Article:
The aim in personal expressive poetry writing is not to write clever poetry but to roam, feel free and express anything that comes to your mind, almost like a form of mind mental dancing. Your mental "mind-moves" do not need to make rational sense.
You have inside of yourself a free and creative voice that is uncensored and is not carefully planning what to say next. To find that fluidly of expression takes daily practice, like building a skill or muscle over time. Poetry brings in something new into expression.
1. Reach to the edge of your own mind to express what is unique, free and flowing and uniquely you.
2. Find the edge of what you should say, is what you need to really say from the core of your being.
3. Lean into what feels forbidden and create a poem that expresses the very "edge" of your mind.
4. Be creative with your poem's structure. Try writing very short poems that take a few minutes and long poems that take days to write.
Writing poetry is a way to listen to your original voice. Writer Henry Miller found his own original voice after allowing himself to write from the edges of his mind, "Immediately I heard my own voice, I was enchanted: the fact that it was a separate, unique voice sustained me. It didn't matter to me if what I wrote should be considered bad. Good and bad dropped out of my vocabulary....My life became a work of art. I had found my voice. I was whole again."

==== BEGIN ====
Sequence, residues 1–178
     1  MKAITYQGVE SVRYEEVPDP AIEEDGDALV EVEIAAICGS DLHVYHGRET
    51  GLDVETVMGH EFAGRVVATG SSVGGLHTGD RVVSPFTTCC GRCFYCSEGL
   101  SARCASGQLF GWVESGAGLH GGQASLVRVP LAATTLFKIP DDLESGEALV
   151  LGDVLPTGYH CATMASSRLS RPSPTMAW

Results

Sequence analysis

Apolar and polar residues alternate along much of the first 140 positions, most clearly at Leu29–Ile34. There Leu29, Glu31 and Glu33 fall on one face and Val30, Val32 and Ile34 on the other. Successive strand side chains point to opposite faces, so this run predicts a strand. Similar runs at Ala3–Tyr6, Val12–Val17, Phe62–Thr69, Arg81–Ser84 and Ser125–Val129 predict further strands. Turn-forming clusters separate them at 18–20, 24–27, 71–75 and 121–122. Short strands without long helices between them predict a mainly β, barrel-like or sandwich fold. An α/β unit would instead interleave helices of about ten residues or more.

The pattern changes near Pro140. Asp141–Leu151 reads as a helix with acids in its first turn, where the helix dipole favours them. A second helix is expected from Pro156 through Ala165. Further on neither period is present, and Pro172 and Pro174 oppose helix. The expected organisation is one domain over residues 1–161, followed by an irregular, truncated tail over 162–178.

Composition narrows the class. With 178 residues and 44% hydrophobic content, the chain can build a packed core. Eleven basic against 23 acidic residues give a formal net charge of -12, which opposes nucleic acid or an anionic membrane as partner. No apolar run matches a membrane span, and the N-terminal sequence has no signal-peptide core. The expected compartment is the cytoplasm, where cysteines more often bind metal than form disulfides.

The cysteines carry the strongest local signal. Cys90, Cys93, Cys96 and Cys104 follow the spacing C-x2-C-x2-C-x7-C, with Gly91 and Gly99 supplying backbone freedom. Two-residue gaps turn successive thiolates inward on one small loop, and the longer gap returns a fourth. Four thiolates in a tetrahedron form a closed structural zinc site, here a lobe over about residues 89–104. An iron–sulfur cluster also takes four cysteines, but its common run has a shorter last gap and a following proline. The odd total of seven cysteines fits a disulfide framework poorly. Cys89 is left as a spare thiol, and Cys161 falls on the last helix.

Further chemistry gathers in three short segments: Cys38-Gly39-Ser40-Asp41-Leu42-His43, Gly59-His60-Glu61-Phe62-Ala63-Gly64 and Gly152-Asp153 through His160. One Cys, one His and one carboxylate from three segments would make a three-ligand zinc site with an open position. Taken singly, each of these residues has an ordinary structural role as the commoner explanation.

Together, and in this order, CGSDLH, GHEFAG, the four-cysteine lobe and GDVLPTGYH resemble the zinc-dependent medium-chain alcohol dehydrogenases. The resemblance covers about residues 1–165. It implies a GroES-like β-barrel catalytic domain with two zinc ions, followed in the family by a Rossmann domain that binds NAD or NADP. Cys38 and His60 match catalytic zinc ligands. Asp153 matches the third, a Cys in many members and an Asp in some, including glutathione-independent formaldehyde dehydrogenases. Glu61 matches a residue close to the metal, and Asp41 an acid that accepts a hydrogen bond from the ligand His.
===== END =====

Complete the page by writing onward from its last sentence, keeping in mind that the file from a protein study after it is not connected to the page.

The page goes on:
Benefits of Poetry Therapy
1. The use of rhythm in poetry can tap into an inner verbal form of music.
2. The abstract nature of poetry may better support the expression of painful emotions that might feel too threatening to express directly.
3. Expressive poetry can gradually release the imprints of challenging experiences in a safe, slow way.
4. Poetry can reframe difficult emotions by providing leaps, contrasts and surprises through verbal expression.